Tuesday, March 31, 2015

#21. "On the Beach" and the process of 'notes.'

#21.  "On The Beach" and the process of notes.

The greatest and the least; they all start out with a phone call.

You pick it up, it's one of  the agents, those caregivers that brought me into being then tended my working life: John Ptak, Rand Holston, Abby Adams, Pat Faulstich saying, "Puppy, we got a call this morning from CBS with an offer (three of my favorite words) about a miniseries remake of 'On the Beach.'  Remember the movie with Gregory Peck and Ava Gardner?  Stanley Kramer?"  Boy, did I ever!

From 1957, the classic novel was written by Australian transplant Nevil Shute, one of the early end-of-the-world nuclear sagas that later was made into memorable and very successful movie.

Scenes from its indelibly doomed love story were flying through my mind.  After a world-wide atomic war, American submarine commander Dwight Towers brings his boat to Melbourne, the last of the untouched cities, to assess the situation.  America was already a smoldering atomic graveyard.  Most of the rest of the world has already died under a massive cloud of radiation or nuclear winter.

"On The Beach" is that nation's cri de coeur for peace and love in a world gone mad.  Commander Towers and his U.S. Navy crew track down a mysterious, intermittent radio signal from Seattle then return to Melbourne to wait out their days.  Towers falls in love with Moira Davidson and after years of wartime command, finds peace with her.

But as the end time draws near, his crew comes to him; they know it's hopeless but they want to go home.  His sworn duty is to his men and his boat.  In a heart breaking sequence, he leaves Moira and, as she watches from cliffs high above, the last of the sailors drop into the boat from the conning tower.  The hatch slams down and the locking wheel spins shut as the USS Scorpion submerges into the Australian Sea, headed back to America.

It's been nearly sixty years since I first saw that movie and it haunts me still.  In those days we were on the verge of the Cuban Missile Crisis, "Dr. Strangelove," Mutually Assured Destruction, "Fail Safe," Peter Watkins' "War Game," and a kind of world-wide fear that bordered on panic.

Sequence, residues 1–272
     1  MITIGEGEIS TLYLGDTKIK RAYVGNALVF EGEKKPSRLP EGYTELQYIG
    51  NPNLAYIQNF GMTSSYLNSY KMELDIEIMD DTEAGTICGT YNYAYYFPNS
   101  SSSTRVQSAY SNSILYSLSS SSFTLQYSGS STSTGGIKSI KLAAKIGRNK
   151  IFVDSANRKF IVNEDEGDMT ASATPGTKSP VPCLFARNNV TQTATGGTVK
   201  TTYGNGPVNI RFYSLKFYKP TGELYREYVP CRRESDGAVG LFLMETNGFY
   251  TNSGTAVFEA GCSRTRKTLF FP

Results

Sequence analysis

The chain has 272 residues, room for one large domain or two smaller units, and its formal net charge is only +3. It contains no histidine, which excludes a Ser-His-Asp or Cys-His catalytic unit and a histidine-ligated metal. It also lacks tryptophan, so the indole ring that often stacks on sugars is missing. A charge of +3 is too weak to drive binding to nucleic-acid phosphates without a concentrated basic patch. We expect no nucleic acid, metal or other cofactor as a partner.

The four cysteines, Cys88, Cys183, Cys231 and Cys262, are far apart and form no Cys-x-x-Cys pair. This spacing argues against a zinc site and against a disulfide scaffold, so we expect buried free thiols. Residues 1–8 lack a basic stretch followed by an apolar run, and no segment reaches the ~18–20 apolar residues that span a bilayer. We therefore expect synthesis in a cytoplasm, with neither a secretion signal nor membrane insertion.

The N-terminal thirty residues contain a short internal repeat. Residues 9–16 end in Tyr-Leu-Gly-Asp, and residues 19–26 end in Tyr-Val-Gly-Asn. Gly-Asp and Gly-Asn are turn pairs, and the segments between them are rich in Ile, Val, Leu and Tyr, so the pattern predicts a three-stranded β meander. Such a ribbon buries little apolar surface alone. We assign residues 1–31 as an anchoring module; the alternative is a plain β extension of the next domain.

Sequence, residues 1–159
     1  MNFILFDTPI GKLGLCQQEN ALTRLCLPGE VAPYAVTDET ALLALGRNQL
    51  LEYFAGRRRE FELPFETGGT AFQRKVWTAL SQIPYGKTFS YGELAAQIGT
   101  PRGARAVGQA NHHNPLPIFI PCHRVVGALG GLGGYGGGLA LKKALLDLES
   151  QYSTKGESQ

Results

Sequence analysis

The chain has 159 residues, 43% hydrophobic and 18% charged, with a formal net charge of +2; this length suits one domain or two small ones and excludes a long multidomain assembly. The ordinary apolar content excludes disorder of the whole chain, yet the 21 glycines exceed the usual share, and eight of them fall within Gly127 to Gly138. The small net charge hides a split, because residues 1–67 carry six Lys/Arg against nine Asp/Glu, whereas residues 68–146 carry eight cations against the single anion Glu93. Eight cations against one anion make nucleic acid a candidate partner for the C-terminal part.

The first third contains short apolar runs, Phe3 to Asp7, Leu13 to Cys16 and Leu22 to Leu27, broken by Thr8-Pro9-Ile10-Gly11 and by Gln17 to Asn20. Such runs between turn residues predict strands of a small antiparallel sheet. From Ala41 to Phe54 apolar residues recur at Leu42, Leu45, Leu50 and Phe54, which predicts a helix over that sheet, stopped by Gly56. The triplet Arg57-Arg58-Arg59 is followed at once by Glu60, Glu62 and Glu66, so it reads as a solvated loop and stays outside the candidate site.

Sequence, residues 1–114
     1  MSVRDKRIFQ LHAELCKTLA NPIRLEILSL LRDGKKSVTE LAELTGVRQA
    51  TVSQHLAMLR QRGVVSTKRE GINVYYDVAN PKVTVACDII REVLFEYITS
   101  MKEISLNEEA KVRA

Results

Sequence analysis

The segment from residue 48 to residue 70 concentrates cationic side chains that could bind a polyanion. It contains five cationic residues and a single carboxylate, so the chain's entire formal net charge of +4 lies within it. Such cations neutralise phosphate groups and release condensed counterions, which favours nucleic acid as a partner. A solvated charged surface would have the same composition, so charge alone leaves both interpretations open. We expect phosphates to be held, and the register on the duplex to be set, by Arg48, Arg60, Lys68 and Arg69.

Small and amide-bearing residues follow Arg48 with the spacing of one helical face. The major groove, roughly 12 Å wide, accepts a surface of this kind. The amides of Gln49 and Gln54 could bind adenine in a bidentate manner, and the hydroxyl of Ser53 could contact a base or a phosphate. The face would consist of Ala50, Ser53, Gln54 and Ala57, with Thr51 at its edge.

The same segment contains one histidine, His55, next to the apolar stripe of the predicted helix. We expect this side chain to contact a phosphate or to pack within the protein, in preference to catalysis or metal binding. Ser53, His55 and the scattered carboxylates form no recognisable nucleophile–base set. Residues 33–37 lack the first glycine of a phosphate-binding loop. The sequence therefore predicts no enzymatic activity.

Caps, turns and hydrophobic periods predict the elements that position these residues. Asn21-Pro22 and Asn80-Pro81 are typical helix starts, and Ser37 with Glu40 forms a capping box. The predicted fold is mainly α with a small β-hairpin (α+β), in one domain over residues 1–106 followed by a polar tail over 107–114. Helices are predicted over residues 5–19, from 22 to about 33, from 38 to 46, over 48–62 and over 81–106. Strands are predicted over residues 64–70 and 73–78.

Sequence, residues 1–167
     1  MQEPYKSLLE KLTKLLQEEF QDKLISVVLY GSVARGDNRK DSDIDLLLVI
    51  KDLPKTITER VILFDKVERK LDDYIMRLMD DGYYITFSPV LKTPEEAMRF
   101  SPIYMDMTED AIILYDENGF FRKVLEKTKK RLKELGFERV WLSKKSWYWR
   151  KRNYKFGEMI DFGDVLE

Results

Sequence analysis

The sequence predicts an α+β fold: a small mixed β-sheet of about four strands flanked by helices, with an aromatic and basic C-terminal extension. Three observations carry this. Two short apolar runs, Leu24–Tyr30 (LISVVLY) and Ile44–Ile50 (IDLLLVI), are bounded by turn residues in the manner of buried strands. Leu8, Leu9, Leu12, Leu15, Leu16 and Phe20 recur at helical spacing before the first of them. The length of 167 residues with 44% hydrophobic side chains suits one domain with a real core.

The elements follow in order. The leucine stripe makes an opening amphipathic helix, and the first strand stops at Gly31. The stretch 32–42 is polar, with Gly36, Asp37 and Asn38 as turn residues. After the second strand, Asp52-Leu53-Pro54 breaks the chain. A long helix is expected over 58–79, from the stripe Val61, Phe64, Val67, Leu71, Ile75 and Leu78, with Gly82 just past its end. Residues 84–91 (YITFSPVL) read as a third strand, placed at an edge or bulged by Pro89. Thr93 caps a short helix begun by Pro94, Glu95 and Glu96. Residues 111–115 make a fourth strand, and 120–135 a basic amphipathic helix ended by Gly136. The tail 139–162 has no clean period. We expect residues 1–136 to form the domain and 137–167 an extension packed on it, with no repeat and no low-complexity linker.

The two biggest countries in the world hated us and things hadn't changed much on the morning I got the call from my agent.  "Does that sound like a job you'd want?"

My good fellow, does a cat have an ass?

The new version would be executive produced by and star Peter Strauss.  In the Seventies and Eighties, he was the king of the mini-series.  Check those credits!  I mean, please.  Right now.  Turns out it's not a stretch for Peter to play intelligence, honor, and conflict; he was apparently born with all three.  I thought he would be perfect to play Towers.  We went to the network and made the deal.  So I beat feet down to Blockbuster (remember them?) and bought VCR tape of the movie (still got it) and over to Borders for a paperback of the book and went to work.

Then, I did something I'd never done before.

I went to the art supply store in Westwood and bought a large 14X20 3-ring notebook.  At Kinko's I had them blow up the individual pages of "On The Beach" to about twice their normal paperback size on large format paper they had that would fit my oversize notebook.  When I got home and assembled the device, I had a large print (I hadn't yet discovered what I really needed was glasses) book with room on all four sides to make notes!  Such a simple rig did me so much good.  Even though, open, it seemed to take up half my dining room table.

After several read-throughs with the subsequent additional notes, I had enough to go back to Kinko's to make another large format copy to give to Peter.  So we could be, literally, on the same page.  As I recall we looked at the movie together a few times, too.  Once we were pretty well synced, I went to work.